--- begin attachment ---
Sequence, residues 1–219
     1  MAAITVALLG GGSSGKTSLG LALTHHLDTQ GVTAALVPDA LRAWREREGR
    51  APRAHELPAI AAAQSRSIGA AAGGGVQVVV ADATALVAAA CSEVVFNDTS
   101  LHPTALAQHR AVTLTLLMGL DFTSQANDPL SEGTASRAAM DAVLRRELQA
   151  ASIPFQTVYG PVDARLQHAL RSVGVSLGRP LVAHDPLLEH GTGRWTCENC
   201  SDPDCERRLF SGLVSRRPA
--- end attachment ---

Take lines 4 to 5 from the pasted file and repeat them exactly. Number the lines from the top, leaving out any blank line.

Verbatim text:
   101  LHPTALAQHR AVTLTLLMGL DFTSQANDPL SEGTASRAAM DAVLRRELQA
   151  ASIPFQTVYG PVDARLQHAL RSVGVSLGRP LVAHDPLLEH GTGRWTCENC